Republican Charles I. Ecker, who took a $30,000 gamble when he lent his campaign money for a last-minute advertising blitz, saw it pay off yesterday when a tally of absentee ballots gave him a victory over incumbent Howard County Executive Elizabeth Bobo.
Mr. Ecker, who prevailed by 450 votes, said he made the loan at 8 percent interest because he needed to buy full-page newspaper ads and circulars and had faith in his chances of winning a race in which he was a decided underdog.
"It shows you how confident I was," said Mr. Ecker, who also received a late contribution of $6,000 from a home builders political action committee. "I thought I would win, although I think nobody did but me and a few close supporters."
Nearly 50 Democrats and Republicans stood elbow to elbow for 90 minutes or more at the county elections board in Ellicott City yesterday while 1,551 absentee ballots were counted.
The Republicans gave a cheer when officials announced the tally of 873 for Mr. Ecker and 667 for Ms. Bobo, expanding the Republican candidate's election night margin of 244 votes.
Mr. Ecker, a retired deputy superintendent of schools, embraced his wife, Peggy, and told members of the news media at his Columbia headquarters that "the people want to be heard. My door will be open."
Ms. Bobo, 46, who was suffering her first election defeat, held 88TC news conference near her Columbia town house to acknowledge that she was "more than a little bit surprised" by the outcome of her race.
The executive, who got her start as a civic activist and went on to serve nine years on the County Council, said she had no plans but wanted to "continue some kind of work that will have a positive impact on the community."
The morning after Election Day, as he sat in the comfortably furnished living room of his rancher in the Beaverbrook neighborhood outside Columbia, Mr. Ecker outlined plans for his administration.
"We will be a lean, trim, friendly, open government that is fiscally responsible," said Mr. Ecker, 61. "We also will be a government that plans for the future and will reunite the county."
One of his first actions, he said, will be to draft "a simpler, more workable" bill designed to delay growth where roads and schools are overcrowded. A complex and stringent adequate-facilities bill proposed by Ms. Bobo is pending before the County Council.
He said that he was committed to extending the law limiting the county to 2,000 new housing permits a year if his version of adequate-facilities legislation is not passed in time. The law is scheduled to be phased out March 30.
Mr. Ecker added that imposing impact fees on new development to help the county pay for roads and schools, as several other Maryland jurisdictions have done, is an option to be considered.
"Developers have to pay for some of the new infrastructure, but they are not responsible for past sins," he said. "The county has been negligent in keeping up with the roads and needs a greater commitment to pay for capital improvements."
Other priorities, Mr. Ecker said, will be to "speed up" the county's recycling program and draft plans to address solid waste and economic development. He intends to further study a proposal he floated during the campaign for a new reservoir in the western end of the county.
"If the ground water ever gets contaminated, we will have a source for our water," he said.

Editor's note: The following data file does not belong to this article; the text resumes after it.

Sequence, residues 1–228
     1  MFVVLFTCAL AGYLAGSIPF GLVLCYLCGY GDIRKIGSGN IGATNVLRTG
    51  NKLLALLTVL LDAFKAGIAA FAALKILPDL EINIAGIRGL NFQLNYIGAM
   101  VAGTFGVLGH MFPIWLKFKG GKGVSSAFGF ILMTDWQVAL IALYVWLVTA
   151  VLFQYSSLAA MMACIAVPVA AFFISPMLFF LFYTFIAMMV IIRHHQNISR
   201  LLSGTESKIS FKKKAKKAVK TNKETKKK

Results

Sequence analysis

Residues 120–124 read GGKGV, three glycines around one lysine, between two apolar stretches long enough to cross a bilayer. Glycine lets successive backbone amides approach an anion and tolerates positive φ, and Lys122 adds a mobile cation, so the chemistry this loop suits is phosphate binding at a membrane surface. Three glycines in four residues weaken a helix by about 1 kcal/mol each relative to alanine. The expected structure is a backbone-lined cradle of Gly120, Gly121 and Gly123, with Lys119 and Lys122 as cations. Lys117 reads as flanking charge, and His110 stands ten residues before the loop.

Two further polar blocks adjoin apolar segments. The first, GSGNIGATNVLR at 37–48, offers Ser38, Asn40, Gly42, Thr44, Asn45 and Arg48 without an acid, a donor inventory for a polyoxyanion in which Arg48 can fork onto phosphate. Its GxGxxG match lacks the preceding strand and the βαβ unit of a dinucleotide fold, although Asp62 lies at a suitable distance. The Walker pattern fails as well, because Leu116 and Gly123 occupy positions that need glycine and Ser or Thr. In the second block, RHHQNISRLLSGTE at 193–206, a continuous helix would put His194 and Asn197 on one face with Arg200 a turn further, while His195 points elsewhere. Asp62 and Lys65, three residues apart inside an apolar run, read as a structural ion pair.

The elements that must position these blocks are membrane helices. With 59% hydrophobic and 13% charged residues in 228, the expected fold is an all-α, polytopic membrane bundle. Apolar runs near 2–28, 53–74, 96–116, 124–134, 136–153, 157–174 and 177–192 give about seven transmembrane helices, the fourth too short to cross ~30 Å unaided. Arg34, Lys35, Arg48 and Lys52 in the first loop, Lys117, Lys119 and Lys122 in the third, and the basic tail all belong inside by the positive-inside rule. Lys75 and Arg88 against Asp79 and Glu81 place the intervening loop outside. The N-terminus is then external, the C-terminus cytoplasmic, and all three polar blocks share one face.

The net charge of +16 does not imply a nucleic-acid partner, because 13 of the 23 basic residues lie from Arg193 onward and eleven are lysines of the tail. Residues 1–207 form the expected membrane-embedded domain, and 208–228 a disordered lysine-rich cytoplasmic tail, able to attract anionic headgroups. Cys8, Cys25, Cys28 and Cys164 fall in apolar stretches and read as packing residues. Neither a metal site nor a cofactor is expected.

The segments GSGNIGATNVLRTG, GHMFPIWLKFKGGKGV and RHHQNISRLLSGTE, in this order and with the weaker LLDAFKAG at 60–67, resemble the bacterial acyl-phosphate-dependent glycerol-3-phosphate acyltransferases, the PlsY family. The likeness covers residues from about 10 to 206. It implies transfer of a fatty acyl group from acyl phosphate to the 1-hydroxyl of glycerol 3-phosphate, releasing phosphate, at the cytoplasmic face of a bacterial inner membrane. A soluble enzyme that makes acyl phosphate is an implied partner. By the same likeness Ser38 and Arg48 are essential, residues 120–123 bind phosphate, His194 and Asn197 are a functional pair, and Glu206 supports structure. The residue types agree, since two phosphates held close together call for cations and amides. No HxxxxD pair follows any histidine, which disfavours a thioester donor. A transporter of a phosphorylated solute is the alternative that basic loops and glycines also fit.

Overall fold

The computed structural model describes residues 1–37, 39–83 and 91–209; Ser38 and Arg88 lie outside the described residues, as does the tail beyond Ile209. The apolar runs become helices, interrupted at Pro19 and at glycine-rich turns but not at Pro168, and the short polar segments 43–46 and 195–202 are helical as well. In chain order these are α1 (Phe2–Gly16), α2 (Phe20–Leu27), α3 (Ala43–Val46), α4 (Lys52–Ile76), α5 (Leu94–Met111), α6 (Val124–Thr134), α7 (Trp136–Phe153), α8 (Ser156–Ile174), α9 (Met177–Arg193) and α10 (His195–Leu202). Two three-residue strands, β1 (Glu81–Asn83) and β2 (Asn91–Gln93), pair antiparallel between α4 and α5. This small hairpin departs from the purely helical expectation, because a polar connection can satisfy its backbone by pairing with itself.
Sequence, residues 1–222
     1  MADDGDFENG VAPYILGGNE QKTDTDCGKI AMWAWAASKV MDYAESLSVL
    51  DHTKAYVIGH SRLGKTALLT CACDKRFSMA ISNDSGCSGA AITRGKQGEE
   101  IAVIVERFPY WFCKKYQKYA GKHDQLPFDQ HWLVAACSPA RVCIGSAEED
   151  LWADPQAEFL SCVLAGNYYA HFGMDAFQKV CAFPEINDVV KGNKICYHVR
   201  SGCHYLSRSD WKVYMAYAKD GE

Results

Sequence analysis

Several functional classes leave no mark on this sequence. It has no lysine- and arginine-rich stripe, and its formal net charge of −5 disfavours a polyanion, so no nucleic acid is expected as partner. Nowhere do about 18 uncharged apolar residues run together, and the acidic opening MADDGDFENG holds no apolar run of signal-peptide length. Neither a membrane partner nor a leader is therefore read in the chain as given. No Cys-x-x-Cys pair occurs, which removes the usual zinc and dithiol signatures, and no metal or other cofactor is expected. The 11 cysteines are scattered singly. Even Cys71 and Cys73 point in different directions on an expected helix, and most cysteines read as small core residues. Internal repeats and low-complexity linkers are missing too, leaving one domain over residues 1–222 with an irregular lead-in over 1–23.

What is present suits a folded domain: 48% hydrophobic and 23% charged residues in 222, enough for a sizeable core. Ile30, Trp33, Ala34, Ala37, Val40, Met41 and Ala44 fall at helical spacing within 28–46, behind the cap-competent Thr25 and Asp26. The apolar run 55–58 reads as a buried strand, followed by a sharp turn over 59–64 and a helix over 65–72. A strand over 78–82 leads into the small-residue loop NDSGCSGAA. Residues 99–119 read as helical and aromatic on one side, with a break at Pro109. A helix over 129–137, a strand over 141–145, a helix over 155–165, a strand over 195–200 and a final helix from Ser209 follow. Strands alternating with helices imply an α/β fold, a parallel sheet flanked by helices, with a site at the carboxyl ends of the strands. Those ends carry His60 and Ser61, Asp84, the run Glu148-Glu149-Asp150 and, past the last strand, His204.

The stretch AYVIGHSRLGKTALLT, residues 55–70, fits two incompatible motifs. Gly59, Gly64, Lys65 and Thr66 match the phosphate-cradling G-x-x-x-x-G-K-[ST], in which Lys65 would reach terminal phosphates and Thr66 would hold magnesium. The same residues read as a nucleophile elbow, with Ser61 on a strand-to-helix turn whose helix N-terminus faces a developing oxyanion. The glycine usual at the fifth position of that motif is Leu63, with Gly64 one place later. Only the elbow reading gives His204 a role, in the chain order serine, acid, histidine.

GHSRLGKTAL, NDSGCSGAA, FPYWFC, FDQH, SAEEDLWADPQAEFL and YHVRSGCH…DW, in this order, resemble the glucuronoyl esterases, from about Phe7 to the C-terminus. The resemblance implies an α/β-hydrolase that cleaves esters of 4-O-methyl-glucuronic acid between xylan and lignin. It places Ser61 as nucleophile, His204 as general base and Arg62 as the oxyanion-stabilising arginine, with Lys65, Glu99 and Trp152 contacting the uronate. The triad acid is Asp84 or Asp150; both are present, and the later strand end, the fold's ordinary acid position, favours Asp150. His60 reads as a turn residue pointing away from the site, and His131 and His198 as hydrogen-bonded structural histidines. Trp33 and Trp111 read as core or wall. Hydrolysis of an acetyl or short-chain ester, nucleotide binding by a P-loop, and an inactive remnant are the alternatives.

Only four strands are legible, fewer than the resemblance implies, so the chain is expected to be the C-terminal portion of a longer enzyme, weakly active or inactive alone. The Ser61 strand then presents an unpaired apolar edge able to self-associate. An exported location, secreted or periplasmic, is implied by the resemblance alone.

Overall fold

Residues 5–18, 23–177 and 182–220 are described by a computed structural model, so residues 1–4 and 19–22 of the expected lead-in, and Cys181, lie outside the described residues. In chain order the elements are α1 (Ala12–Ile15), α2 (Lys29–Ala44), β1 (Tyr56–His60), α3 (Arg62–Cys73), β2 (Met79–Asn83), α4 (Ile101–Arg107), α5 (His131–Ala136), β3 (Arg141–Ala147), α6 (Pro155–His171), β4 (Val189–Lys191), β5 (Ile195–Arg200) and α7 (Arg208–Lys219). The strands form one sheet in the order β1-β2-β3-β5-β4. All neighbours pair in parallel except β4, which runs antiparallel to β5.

Mr. Ecker said he will strive to make his administration accessible. He said he plans to open the county government to be available for citizens "most Saturday mornings."
Taking a cue from the school system, Mr. Ecker said he will appoint a citizens advisory committee to use as a sounding board for legislation and changes he may consider, as well as to keep him abreast of community and business concerns.
The Bobo administration came under criticism from the Economic Forum, an alliance of business and other interests, for not sharing its legislative proposals until they were already drafted.
Of particular concern, Mr. Ecker said, is "the public perception of the police that some community people have. It bothers me. We need to have community members sit down with the chief and several officers to discuss the concerns, and we need more training for our officers."
He said he will soon set up a transition team to examine the organization of the county government, and is considering scrapping the recently created Department of General Services that oversees communications and building maintenance.
Mr. Ecker said he would "not make wholesale changes overnight" in the executive's appointed staff.
"A lot of them will stay on," Mr. Ecker said, adding that the only official he will fire at this point is Uri P. Avin, the planning director. "He may be a brilliant planner, but he is not a people person. He will go."
Because of the falloff in tax revenue, he said he would institute a hiring freeze and fill key vacancies by transfers from within. He also intends to closely scrutinize the next education budget and urge cuts in the school system's administration, while he reduces the size of the county work force through attrition.
He said he supports a 5 percent cap on annual property assessment increases proposed by Republican Councilman Charles C. Feaga, R-5th, because "it amounts to truth in taxes. If the government wants the additional money, it will have to go to the public to justify raising the property tax."
Mr. Ecker said he will also require fiscal notes on all pieces of major legislation "so the public knows the cost up front."
The race for Howard County executive was decided yesterday in the tally of absentee ballots. The results are:
Charles I. Ecker 26,510
Elizabeth Bobo 26,060